The 3D printed acrylic skull (Courtesy University Medical Center Utrecht)
Surgeons at the University Medical Center at Utrecht University in The Netherlands have successfully replaced a woman's skull with a 3-D printed replica.
Led by brain surgeon Bon Verweij, MD, the surgical team labored 23 hours in the operating room to replace the woman's skull with one made of acrylic. Her new skull was 3-D printed by an Australian company, Anatomics (St. Kilda, Victoria) that specializes in the custom 3-D printing of cranial and maxillofacial implants based on the patient's own CT and MRI image data. Verweij performed the operation with assistance from orthodontic surgeon Marvick Muradin, MD.
The woman had a condition that causes bones to thicken, particularly in the skull. This had caused her skull to thicken to almost three times its normal thickness. which was putting pressure on her brain.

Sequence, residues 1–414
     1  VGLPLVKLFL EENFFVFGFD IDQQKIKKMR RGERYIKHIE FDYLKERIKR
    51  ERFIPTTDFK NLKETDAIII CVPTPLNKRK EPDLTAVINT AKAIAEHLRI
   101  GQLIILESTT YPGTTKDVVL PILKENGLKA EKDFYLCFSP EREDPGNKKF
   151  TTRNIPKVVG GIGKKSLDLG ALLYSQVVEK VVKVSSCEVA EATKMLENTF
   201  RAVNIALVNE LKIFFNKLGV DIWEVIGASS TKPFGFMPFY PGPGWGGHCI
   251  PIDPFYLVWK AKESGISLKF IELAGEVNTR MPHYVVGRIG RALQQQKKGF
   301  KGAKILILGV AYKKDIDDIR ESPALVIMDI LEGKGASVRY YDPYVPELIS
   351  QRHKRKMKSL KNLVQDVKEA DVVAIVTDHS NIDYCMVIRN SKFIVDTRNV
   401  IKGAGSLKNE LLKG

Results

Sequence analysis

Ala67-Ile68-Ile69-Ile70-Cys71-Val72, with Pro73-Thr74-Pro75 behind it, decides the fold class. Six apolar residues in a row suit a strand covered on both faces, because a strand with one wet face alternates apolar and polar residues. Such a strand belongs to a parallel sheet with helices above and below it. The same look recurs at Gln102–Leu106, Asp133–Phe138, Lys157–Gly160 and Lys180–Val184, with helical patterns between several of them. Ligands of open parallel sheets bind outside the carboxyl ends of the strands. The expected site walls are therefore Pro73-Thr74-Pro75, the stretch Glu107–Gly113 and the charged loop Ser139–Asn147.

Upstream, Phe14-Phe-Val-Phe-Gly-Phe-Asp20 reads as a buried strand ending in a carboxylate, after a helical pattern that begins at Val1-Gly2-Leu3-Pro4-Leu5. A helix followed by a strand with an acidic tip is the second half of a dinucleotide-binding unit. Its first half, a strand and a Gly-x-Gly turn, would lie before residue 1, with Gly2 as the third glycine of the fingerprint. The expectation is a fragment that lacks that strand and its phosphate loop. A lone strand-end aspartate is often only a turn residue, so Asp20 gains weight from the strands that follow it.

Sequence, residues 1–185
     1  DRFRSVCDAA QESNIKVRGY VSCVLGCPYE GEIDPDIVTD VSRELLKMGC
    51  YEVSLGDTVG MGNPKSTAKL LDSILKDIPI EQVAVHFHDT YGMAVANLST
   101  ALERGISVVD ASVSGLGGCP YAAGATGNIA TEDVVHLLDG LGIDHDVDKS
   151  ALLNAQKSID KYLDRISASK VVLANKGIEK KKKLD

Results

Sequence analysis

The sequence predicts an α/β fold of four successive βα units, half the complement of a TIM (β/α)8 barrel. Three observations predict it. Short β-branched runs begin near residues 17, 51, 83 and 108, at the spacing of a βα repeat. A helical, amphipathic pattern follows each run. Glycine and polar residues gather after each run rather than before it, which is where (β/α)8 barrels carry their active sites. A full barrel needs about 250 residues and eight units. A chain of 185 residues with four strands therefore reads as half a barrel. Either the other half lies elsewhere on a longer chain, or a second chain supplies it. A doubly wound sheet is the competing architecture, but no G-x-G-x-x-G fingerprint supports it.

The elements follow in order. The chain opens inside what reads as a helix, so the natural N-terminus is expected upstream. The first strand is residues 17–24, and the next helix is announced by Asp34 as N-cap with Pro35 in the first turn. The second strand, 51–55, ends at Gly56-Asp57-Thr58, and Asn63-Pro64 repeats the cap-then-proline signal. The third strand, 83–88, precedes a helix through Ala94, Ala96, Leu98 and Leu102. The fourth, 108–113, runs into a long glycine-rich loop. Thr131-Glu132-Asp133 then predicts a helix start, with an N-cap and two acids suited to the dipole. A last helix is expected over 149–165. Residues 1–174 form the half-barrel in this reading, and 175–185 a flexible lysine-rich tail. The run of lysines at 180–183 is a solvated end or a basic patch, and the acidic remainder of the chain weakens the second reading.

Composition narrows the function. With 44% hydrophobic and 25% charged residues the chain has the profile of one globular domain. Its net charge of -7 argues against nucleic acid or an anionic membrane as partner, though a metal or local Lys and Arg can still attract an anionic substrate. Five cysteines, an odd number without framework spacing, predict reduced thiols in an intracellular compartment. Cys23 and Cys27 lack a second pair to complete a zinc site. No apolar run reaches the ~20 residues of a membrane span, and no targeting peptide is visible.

(Warning: Graphic surgery video.) The audio in the clip is in Dutch.
“The condition initially manifests itself in severe headaches,” Verweij explained in a hospital press release. “The thickening of the skull puts the brain under increasing pressure. Ultimately, she slowly lost her vision and started to suffer from motor coordination impairment. It was only a matter of time before other essential brain functions would have been impaired and she would have died. So intensive surgery was inevitable, but until now there was no effective treatment for such patients.”
Verweij had extensive experience with partial cranial implants in reconstructive surgery and in accident victims. In some cases of head trauma, the brain swells up and a portion of the skull must be temporarily removed to relieve the pressure on the brain. The portion removed is later replaced, or replaced with an implant.
“We used to create an implant by hand in the operating theater using a kind of cement, but those implants did not have a very good fit,” said Verweij. “Now we can use 3D printing to ensure that these components are an exact fit. This has major advantages, not only cosmetically but also because patients often have better brain function compared with the old method.”
Three months after the operation Verweij says all went well. “The patient has fully regained her vision,” he said “She has no more complaints. She's gone back to work and there are almost no traces that she had any surgery at all.”
Stephen Levy is a contributor to Qmed and MPMN.
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